Delhi HC grants EEMA court stay against unregistered music licensing bodies

EEMA’s battle is against exploitation by the unregistered copyright societies, which charge ‘royalty’ for music played out at events

e4m by exchange4media Staff
Published: Dec 27, 2016 8:20 AM  | 2 min read
Delhi HC grants EEMA court stay against unregistered music licensing bodies

The Delhi High Court on December 23, 2016 issued an injunction against Music Licensing bodies PPL, IPRS and Novex from granting licenses as registered copyright societies.

The Event & Entertainment Management Association of India (EEMA) has been working towards regularising and streamlining the Music Licensing regulatory framework for many years now. It has been engaged in a long, slow but constant legal battle against the exploitation by the so called ‘Registered Copyright Societies’ who charge ‘Royalty’ for music played out at events. There are cases going on in several courts by various associations and individuals against the malpractices being administered by these so called copyright societies.

EEMA had recently filed a fresh writ in Delhi High Court wherein it was highlighted that despite the fact that currently neither of the bodies issuing ‘licenses’ are infact Registered Copyright Societies – PPL / IPRS and Novex, however they still continue to grant licenses and continue to be in the business of granting licenses. The court took serious notice of the matter and issued an injunction in favour of EEMA restraining all these parties from issuing licenses unless they are registered under section 33 of the Indian Copyright Act.

Ankur Kalra, Secretary (Legal), EEMA, said, “The Music Licensing lobby (PPL/IPRS/Novex) has been engaged in illegal issuance of licenses since over two years now and flouts all laws by openly threatening venues to stop events unless the license is procured. Venues in turn pressurise event managers to do the same who despite knowing that it is wrong are forced to procure these licenses in order to safeguard their events. The music licensing ‘societies’ today are private limited companies operating purely for profit and very little or no money actually reaches the artists. It has become an organised syndicate and when we highlighted the same to the court we got an injunction almost immediately.  We will take this battle forward and ensure that all event managers, venues and police departments are educated on this matter so that they are not part of the exploitation.”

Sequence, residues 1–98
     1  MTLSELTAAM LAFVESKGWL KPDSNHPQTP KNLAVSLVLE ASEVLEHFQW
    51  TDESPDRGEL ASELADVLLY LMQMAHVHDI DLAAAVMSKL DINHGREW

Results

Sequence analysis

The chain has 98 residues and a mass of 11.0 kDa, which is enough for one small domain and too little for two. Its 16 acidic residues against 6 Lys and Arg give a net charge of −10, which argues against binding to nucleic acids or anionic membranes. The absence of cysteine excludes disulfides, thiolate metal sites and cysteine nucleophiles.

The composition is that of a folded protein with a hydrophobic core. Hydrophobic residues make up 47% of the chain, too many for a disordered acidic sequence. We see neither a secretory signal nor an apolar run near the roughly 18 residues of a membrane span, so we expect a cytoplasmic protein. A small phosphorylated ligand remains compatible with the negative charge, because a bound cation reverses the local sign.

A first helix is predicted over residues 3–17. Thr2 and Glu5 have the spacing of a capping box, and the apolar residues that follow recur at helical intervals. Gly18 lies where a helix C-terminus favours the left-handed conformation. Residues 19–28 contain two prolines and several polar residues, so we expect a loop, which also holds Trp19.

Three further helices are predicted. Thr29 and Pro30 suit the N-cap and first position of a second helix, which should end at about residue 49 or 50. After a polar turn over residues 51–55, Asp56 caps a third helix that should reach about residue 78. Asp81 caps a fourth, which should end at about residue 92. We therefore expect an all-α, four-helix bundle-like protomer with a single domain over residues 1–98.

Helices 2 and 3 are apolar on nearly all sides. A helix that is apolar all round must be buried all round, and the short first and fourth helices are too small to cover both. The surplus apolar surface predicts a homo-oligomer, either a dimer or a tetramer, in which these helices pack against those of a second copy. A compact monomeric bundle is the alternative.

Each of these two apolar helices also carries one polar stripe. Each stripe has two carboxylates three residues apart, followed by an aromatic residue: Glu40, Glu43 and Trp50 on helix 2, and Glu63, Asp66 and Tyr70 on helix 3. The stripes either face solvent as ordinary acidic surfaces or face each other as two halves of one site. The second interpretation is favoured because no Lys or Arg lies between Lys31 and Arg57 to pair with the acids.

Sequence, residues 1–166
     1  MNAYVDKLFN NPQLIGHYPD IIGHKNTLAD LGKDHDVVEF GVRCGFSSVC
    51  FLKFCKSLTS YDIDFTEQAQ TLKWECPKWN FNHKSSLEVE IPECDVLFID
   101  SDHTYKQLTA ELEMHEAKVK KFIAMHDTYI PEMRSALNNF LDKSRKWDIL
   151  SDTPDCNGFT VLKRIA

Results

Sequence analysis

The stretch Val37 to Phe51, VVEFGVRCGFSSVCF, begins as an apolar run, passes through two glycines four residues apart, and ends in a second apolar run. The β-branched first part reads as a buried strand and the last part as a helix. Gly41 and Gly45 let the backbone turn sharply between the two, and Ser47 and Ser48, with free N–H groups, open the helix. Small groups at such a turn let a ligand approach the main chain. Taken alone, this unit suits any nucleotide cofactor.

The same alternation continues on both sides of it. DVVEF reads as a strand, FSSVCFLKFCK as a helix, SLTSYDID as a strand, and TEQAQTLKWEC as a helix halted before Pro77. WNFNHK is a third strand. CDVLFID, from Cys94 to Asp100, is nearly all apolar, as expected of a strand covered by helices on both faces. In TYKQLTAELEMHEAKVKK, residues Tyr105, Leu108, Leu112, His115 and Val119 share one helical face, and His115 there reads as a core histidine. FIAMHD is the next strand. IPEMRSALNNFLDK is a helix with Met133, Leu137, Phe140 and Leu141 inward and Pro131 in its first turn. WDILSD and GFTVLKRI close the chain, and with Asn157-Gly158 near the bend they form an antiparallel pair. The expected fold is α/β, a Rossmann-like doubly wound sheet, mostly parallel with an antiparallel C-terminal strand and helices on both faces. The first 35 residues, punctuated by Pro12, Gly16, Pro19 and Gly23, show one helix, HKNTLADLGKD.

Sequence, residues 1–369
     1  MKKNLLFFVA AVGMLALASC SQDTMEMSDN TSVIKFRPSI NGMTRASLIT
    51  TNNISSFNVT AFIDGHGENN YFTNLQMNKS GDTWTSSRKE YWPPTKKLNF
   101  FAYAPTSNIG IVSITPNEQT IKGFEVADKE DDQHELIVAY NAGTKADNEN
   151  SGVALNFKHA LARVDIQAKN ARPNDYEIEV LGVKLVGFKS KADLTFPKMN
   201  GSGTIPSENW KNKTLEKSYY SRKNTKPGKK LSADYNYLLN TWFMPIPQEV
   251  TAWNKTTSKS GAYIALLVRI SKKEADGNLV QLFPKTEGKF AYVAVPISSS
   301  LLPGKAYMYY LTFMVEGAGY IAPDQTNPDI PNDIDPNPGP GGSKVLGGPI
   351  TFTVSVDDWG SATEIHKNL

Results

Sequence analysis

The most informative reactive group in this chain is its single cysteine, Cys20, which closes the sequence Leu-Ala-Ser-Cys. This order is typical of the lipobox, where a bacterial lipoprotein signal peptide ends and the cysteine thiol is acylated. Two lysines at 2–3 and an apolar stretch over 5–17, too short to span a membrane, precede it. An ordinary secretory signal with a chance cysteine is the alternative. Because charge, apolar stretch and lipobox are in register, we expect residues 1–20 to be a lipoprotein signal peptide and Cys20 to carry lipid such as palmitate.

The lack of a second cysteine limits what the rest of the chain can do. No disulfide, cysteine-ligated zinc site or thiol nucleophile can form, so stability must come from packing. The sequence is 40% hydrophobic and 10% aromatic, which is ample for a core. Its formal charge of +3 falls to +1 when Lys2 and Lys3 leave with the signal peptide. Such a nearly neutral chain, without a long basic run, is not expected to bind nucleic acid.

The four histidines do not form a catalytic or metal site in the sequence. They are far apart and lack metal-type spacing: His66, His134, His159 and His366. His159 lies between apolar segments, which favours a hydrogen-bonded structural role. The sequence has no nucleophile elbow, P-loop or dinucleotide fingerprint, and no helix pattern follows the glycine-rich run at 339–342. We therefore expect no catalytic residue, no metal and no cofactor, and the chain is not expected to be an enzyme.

Abhishek Malhotra, Legal Counsel, EEMA, said, “The music industry has been going through a flux. While the law clearly provides that issue and grant of licenses can be done only through a registered copyright society, these three entities have been effectively carrying on this business in violation of the clear legal provisions. This order as well as the Government of India's endorsement of the issues facing the users of music is therefore a welcome development.”

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